"He's very cerebral and unpredictable, and totally honest," Bowker said about his former partner. "I'd use the word 'guileless,' but he's very savvy. His interest in the work overrides any ulterior motives he might have, like getting ahead or making a name for himself."
They worked together on Starbucks' name, and Heckler was responsible for its logo.
"It's a metaphor for the allure of caffeine, the sirens who drew sailors into the rocks," said Heckler, who a few years ago curbed his own 16-cups-a-day habit because it was "not sustainable."
At first, the siren's chest was bare, but after seeing her blown up on a delivery truck, Heckler redrew her with her hair falling over her breasts. After "complaints from women about the double tails," he redrew her again in a less risqué pose.
Rainier Beer — The Seattle brewery hired Heckler after seeing his K2 work. Over 14 years, he directed dozens of TV spots for Rainier, including a Northwest classic showing a motorcyclist heading toward Mount Rainier with the bike's revving sounds making out the syllables "Rai-nier Beer."
Rainier moved from sixth place to become the best-selling beer in the state "even though Budweiser spent eight times what we did," Heckler said. "I won't say how much Rainier Beer I drank over the years; that was not sustainable either." (Rainier is now owned by Pabst Brewing.)
Heckler also designed Redhook Ale Brewery's logo, and his firm did its labels and packaging from the early '80s until the late 2000s when Redhook merged with Widmer Brothers Brewing in Portland, forming Craft Brewers Alliance.
Panera Bread — When St. Louis Bread Co. was bought by a Heckler client and started to go national in the early '90s, Heckler came up with its new name and logo and helped build the brand for 12 years.
When his clients hit the big time, they "usually go public and have to work with an agency with international credentials. Then we do special projects work for them," Heckler said.
Cinnabon — Heckler Associates created the name and logo for Rich Komen, of Restaurants Unlimited, who started Cinnabon. "It was a beautiful, simple concept," Heckler said.
When sales took a dive in the mid '80s, he suggested Cinnabon add a menu and beverages — "not just the neon $1.25 sign." They took his advice, and sales picked up.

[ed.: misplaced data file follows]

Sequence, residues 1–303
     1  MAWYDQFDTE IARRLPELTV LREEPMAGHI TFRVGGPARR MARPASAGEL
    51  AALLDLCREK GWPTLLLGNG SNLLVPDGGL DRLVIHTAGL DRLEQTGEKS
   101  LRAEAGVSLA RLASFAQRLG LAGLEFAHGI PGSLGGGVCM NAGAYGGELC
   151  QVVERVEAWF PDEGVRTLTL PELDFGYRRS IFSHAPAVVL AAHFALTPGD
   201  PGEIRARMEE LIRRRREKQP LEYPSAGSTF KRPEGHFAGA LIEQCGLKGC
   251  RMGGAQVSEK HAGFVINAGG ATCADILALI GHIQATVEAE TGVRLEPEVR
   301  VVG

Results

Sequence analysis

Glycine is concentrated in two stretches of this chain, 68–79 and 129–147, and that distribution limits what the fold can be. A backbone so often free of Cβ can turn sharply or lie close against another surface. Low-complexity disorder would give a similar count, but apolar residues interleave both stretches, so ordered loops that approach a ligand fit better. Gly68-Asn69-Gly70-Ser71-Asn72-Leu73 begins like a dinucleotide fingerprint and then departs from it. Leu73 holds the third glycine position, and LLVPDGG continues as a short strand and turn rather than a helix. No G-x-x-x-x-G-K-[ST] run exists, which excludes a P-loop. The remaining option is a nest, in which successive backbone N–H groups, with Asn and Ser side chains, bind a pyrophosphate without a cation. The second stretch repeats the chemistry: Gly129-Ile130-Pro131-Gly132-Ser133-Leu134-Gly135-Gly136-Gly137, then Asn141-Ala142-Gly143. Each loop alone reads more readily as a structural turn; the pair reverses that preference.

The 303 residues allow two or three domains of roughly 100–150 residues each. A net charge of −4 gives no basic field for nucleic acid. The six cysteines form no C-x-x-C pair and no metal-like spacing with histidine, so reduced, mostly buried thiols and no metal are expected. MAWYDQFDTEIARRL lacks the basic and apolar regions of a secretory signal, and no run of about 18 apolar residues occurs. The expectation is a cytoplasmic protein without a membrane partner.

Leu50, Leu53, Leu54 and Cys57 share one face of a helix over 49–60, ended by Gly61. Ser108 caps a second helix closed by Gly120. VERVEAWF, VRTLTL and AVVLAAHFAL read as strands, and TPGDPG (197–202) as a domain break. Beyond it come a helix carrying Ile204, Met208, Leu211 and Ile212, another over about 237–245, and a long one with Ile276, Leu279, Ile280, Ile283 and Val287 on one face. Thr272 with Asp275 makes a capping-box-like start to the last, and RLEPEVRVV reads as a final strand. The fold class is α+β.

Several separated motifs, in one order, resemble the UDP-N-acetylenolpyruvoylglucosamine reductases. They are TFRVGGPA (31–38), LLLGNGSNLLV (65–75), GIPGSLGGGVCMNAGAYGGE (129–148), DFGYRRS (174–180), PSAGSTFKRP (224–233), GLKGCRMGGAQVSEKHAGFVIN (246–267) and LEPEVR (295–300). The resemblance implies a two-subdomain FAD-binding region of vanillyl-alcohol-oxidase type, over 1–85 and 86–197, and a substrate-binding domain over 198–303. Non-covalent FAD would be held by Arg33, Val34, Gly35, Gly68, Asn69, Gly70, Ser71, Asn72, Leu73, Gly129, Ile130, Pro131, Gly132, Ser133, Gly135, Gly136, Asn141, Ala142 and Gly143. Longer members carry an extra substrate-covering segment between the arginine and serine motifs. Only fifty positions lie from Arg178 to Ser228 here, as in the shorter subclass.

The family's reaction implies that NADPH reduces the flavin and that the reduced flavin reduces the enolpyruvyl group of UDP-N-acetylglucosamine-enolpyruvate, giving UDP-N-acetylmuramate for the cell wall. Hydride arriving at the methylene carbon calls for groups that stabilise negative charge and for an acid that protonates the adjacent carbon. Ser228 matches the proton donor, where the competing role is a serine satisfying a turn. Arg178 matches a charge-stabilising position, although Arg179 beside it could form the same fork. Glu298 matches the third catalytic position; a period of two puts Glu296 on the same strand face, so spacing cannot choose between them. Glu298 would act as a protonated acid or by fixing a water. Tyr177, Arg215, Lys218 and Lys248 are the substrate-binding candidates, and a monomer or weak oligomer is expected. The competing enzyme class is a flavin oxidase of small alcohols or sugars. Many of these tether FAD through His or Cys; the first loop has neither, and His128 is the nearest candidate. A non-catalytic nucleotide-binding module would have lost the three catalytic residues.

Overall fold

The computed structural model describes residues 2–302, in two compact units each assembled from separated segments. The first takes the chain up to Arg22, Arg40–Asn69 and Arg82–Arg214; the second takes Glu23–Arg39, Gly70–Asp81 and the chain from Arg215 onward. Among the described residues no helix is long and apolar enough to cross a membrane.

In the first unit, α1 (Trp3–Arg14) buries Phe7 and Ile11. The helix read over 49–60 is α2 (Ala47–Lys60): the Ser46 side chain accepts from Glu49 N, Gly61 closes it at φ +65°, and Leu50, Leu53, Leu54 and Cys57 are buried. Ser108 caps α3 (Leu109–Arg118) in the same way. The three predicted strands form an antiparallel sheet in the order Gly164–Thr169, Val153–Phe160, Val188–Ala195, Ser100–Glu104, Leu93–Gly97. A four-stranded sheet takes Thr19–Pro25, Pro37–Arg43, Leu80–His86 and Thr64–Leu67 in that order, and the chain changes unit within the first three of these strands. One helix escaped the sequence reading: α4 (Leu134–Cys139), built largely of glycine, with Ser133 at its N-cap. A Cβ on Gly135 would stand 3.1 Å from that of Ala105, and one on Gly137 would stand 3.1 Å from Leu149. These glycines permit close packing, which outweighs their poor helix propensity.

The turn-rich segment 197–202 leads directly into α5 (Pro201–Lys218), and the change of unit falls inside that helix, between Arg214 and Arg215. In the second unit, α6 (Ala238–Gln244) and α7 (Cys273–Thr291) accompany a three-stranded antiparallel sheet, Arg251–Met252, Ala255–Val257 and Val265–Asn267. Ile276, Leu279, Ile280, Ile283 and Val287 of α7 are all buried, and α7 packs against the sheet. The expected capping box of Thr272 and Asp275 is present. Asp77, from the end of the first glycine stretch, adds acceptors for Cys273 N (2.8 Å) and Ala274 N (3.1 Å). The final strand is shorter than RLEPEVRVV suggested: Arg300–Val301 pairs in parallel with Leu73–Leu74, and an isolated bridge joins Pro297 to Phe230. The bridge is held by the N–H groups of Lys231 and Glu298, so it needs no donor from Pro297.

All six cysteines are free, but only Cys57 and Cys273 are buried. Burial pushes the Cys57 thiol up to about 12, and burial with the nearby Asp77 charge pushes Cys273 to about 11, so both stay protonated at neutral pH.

Ivar's — Remember the hoax with the "old" rusty Ivar's sign being hauled out of Elliott Bay? That was the brainchild of Heckler Associates.
New Balance — Heckler started working with New Balance in the '70s, when it was considering a name change. He recommended it keep the name but slightly change the look of the "N" on its shoes.
After the company bought vintage tennis-shoe brand PF Flyers about a decade ago, it asked Heckler Associates to relaunch it. That meant a new logo, website, packaging, merchandising, trade-show design and other advertising. It's now growing in popularity among young hipsters and has become a multimillion-dollar brand with international sales.
More than a decade ago, Heckler added another art form to his repertoire, something he calls memory drawings. At lunchtime, he takes a walk and comes up with ideas — images like his grandmother's house or a childhood friend.
"I've done three a day since I was 50. A tenth of them are worth looking at twice," Heckler said.
Melissa Allison: 206-464-3312 or firstname.lastname@example.org
Information in this article, originally published Sept. 19, 2011 was corrected Sept. 19. A previous version said Heckler's firm stopped designing labels and packaging for Redhook Brewing in the late 2000s, and said Anheuser-Busch was its majority owner. A-B owned a minority stake, and Heckler's work ended when Redhook merged with Widmer Brothers Brewing in Portland.